The reference case for packing efficiency is taken to be pre-marked parking locations with uniform lengths. In Figure 2, two benchmarks are shown for pre-marked parking spaces with length (dashed line) or (dotted line), which allow for 97.7% and 99.9% of vehicles to park, respectively, and vehicles too long to park are ignored.
These can be compared with paradigms where parking spaces are dynamically defined by the neighbouring vehicles. When parkers align their vehicles at the same end of any available space (One end strategy), the initial packing (left edge of Figure 2 Left), is close to 100% efficient for long block-faces, with only a small available space at one end. As vehicles depart and randomly-sized vehicles replace them, the packing approaches a steady state shown on the right edge of the same figure. In the One end strategy, it decreases in efficiency, but only to approximately 93%, as shown in Figure 2 Left. Similar behaviour is observed when parkers choose to park at either the front or back of any space with equal probability (Either end strategy). When parkers position randomly or park in the middle of a space, a lower linear density is observed for all times, i.e. the space is initially less dense and remains less dense as vehicles leave and are replaced. As can be seen in the gap size distribution in Figure 2 Right, less efficient packing corresponds to the occurrence of more gaps along the block-face, although fewer large gaps m). When compared to the baseline cases of pre-marked gaps with lengths and a linear density of 93% corresponds to an increase of 18% or 30% in the number of vehicles along the block-face, respectively.
As the length of the block-face approaches the length of the vehicles, the boundary conditions become more important, as shown in Figure 3. Even for relatively short block-face lengths m), there is a systematic improvement in packing efficiency for the One end and Either end strategies over the other two strategies. All the strategies are advantageous over marked spaces.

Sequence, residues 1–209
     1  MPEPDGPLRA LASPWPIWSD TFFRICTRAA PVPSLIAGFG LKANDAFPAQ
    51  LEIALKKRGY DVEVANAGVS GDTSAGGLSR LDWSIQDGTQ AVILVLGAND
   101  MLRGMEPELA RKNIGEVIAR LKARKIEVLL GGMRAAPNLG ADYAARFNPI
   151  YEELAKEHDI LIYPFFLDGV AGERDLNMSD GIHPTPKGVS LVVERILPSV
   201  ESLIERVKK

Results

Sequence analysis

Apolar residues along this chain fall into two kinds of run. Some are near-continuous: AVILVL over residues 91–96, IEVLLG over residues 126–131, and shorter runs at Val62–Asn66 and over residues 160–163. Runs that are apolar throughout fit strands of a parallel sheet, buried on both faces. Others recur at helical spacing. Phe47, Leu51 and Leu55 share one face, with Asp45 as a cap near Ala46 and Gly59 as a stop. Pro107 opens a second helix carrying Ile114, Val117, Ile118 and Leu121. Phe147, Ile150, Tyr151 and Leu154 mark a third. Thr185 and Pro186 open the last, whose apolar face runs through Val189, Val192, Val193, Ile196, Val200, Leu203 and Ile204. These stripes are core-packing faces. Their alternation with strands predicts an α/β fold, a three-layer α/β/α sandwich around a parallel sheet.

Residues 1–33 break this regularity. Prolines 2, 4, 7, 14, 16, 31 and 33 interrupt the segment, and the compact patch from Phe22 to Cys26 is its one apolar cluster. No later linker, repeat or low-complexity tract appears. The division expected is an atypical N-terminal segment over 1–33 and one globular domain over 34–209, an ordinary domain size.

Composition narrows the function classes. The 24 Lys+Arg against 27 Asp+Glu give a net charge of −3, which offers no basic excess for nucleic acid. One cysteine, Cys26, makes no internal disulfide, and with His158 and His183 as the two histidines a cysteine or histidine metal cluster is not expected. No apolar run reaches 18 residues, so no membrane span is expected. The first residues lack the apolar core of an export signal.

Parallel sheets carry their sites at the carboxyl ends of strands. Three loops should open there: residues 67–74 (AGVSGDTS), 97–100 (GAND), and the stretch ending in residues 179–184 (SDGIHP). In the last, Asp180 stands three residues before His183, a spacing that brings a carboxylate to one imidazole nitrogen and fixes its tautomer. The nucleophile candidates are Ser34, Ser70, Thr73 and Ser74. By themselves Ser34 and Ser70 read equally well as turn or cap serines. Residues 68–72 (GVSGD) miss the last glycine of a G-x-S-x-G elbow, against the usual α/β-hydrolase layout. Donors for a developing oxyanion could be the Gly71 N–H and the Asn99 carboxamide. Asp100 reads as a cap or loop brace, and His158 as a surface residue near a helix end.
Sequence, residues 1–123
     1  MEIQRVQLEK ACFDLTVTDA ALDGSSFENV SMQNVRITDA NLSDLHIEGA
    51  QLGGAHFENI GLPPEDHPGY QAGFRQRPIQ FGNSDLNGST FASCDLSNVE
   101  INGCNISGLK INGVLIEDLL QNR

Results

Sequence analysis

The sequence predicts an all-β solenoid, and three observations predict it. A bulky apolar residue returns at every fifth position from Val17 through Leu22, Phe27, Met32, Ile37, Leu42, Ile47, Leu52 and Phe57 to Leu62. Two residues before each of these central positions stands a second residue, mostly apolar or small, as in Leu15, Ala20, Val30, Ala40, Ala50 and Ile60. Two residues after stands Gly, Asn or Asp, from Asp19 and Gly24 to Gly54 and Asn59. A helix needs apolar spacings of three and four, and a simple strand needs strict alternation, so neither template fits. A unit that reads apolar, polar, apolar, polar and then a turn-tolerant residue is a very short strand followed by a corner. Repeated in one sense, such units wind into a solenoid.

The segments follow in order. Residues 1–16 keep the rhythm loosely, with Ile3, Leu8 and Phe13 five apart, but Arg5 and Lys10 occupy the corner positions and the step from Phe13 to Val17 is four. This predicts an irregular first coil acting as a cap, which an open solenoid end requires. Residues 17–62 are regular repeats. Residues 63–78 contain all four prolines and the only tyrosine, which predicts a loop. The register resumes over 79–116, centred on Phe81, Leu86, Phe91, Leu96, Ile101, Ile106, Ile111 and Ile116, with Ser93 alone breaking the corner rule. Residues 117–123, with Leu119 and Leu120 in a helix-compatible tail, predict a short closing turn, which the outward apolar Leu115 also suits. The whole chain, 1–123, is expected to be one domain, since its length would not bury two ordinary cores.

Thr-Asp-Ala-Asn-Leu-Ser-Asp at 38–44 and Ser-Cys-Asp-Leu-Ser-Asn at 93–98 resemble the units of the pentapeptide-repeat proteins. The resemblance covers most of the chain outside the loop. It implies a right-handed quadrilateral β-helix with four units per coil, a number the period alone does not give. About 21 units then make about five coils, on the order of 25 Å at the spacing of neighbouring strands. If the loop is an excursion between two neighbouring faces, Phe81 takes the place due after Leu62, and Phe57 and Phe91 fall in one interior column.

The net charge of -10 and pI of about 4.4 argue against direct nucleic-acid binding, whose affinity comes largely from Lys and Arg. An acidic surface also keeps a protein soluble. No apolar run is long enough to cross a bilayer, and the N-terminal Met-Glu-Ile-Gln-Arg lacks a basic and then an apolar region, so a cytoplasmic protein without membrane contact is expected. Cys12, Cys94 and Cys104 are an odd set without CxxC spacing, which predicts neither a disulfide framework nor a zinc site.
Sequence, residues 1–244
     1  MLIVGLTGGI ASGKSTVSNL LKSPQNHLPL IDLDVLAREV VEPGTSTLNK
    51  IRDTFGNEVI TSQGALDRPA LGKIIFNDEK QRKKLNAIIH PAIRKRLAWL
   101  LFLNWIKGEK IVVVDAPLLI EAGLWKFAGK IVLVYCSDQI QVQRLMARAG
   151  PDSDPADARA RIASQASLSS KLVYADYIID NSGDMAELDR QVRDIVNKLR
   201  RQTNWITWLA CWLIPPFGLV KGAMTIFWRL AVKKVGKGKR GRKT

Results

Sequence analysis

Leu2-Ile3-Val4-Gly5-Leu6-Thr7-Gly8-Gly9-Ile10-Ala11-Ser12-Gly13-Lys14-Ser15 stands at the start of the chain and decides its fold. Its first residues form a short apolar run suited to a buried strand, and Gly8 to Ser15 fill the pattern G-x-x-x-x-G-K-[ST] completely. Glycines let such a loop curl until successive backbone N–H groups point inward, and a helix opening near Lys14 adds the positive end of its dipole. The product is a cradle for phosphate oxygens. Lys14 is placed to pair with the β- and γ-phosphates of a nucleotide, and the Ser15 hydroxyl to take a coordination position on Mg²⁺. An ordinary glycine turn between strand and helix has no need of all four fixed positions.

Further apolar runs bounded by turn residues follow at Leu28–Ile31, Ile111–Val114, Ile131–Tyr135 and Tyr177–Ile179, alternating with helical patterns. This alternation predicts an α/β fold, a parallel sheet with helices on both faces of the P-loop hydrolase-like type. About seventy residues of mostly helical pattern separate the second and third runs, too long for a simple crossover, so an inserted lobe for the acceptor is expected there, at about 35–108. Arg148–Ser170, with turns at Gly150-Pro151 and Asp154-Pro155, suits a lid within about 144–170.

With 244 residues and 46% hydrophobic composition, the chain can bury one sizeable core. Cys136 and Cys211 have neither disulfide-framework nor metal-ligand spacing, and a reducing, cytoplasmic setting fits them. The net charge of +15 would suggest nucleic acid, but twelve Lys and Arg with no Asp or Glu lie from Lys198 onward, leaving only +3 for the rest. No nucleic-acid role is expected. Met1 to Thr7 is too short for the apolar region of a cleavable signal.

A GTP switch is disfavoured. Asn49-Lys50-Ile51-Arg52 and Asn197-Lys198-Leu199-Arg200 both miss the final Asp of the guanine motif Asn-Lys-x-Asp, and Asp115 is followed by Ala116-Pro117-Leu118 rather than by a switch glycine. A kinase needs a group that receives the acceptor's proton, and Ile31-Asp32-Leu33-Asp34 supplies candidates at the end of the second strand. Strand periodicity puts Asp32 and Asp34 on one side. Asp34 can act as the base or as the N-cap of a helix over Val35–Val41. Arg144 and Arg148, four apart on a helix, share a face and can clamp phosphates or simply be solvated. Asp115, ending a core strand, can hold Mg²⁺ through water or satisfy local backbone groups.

Parking is one of the most powerful policy levers for managing travel demand since both the cost and inconvenience of parking can deter travellers from driving. It is also a contentious issue for community advocacy with the wide deployment of residential parking programs making explicit the prioritisation of curbside parking for residents (Moylan, Schabas, and Deakin 2014). Moreover, the decreased requirements for parking are a frequent selling point of autonomous vehicle systems, with manufacturers and policy makers pointing to alternative uses of the space. We show that the four strategies identified here make systematic differences to the density of parked vehicles for a range of block-face lengths. The findings indicate that by instructing parkers, whether autonomous or human, to park at one end of any available gap, a significant increase in parking density can be achieved relative to other strategies for a range of block-face lengths and heterogeneous vehicle lengths. All strategies offer efficiency advantages compared to pre-marked spaces, and short block-faces (10m), often created by curb cuts for driveways, reduce efficiency and increase variability.
The authors would like to thank their anonymous neighbours whose erratic parking inspired this work.